Running has a long and proud tradition at Shrewsbury, dating back to 1831, and the Hunt is the oldest recorded cross-country running organisation in the world. It currently includes more than 60 boys and girls at the School and has re-established itself as one of the leading cross-country squads in the country. Last season they were medallists in all the national cross-country championships.
Teacher in Charge of Running, Peter Middleton, has put together a packed programme for John Ngugi’s visit. "John was the most successful athlete of his generation and it is a true honour to be able to welcome him to Shrewsbury School. It has been an inspiring experience for our boys and girls to learn from one of the true greats of the sport.”
John's visit has been funded by an Old Salopian and made possible through an ongoing partnership between the School and Running Across Borders, a not-for-profit social enterprise focused on grassroots athletics, education and sports travel.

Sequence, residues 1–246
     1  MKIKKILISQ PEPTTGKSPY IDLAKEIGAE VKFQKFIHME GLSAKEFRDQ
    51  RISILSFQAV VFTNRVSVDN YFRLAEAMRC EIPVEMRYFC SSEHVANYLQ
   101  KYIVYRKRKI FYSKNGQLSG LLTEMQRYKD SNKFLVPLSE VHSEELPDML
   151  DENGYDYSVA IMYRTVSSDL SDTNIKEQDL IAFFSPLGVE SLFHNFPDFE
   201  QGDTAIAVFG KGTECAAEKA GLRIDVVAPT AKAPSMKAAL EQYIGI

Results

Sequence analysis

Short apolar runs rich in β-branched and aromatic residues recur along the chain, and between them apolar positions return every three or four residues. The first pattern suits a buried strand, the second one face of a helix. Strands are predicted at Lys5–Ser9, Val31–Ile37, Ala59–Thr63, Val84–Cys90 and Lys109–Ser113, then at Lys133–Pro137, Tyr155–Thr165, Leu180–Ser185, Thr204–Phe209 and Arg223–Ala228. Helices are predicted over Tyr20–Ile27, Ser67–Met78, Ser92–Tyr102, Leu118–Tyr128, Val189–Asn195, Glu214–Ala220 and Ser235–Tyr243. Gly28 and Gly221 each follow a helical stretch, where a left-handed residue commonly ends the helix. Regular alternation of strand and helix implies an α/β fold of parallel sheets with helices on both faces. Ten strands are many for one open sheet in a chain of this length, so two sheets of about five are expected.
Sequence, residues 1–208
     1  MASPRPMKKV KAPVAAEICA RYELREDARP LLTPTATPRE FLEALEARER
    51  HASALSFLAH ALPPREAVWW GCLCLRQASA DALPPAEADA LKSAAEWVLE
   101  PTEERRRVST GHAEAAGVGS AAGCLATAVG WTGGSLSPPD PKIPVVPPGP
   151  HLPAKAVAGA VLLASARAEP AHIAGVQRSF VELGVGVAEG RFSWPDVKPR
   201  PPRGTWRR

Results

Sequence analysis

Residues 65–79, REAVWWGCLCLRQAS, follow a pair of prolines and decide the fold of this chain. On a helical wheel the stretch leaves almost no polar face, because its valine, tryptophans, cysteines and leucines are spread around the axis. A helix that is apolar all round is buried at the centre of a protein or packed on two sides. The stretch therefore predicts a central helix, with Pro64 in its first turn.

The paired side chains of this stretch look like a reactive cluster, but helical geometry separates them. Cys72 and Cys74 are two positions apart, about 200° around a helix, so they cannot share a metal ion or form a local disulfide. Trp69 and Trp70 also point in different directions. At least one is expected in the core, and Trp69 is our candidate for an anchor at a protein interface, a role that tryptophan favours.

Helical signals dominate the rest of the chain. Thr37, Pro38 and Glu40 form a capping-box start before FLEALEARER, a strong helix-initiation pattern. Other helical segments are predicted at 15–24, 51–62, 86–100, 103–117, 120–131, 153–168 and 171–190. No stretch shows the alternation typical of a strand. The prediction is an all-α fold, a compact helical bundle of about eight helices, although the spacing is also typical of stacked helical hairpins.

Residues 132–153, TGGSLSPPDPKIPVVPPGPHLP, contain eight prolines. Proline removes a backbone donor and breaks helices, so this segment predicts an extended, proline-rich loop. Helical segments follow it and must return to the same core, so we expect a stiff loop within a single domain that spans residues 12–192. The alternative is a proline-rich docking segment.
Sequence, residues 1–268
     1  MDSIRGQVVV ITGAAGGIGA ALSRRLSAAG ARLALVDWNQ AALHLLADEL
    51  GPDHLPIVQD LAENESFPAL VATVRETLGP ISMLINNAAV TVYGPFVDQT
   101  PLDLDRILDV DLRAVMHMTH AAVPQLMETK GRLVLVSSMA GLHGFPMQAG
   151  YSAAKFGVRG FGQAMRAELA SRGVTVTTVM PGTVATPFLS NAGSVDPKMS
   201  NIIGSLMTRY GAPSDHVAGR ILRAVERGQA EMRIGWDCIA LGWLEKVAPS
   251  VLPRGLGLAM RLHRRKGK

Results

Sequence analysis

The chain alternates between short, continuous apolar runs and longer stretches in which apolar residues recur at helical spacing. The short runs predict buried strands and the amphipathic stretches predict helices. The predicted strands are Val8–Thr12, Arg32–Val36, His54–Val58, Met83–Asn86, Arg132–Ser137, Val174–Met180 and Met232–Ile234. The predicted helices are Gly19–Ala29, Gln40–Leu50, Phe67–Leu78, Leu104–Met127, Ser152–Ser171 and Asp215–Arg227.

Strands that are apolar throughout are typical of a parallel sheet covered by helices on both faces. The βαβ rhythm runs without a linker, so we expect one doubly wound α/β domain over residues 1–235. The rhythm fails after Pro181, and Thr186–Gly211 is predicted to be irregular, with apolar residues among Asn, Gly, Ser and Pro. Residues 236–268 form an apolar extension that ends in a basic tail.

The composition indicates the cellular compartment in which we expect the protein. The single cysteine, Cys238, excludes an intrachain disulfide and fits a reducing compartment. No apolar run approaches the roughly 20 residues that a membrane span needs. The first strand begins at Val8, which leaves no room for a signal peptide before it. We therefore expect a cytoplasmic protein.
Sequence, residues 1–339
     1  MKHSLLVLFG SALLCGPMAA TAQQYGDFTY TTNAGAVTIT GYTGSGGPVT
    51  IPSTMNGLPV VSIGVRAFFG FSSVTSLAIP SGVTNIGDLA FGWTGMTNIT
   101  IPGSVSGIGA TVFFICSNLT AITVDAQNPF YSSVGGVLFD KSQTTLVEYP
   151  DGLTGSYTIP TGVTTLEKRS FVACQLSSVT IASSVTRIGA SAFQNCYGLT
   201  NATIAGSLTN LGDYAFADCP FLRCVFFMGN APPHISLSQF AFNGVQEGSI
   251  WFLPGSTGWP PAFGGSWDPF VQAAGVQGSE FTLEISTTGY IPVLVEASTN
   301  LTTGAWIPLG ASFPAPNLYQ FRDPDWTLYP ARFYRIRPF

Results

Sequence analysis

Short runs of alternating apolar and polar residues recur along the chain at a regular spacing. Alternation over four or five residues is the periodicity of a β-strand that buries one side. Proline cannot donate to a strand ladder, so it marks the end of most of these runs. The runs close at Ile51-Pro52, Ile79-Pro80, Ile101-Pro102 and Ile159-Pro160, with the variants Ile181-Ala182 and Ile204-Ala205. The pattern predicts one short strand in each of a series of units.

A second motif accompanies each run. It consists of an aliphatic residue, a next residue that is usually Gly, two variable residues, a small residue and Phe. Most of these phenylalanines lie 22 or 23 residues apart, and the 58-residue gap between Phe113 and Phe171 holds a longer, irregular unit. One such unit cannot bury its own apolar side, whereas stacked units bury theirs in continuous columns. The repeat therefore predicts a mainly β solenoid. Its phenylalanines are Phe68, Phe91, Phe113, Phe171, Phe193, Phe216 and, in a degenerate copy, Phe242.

Apart from several training sessions throughout the week with members of the Hunt, John Ngugi has also been leading sessions with runners from other schools. His presence at the School caused much excitement among the 200 or so young runners who came to take part in our annual Prep Schools Cross-Country Championships on Sunday, where he presented the prizes. And on Tuesday evening, a group of county-level young athletes from local schools and running clubs joined some of the Hunt’s top runners for a specialist coaching session at the London Road Athletics Track in Shrewsbury.
On Wednesday, we hosted ‘An Evening with John Ngugi’ in the Ashton Theatre, when members of the public, parents, staff and pupils enjoyed the unique opportunity to hear John Ngugi discuss with Peter Middleton his extraordinary life and career and to ask him questions. Running Across Borders' founder Malcolm Anderson and GB marathon runner Dave Webb also joined John in a fascinating discussion about cross-country running on the international stage. The evening raised funds for the work of the John Ngugi Foundation which supports the development of young athletes in Kenya.
On Friday 17th October, John Ngugi’s visit concluded in style at the Tucks, the historic annual race in which all the pupils and many of the staff compete. It has taken place over roughly the same 3.5-mile course since 1831. This year was the first, however, when a winner of Olympic gold and World Championship medals presented the prizes.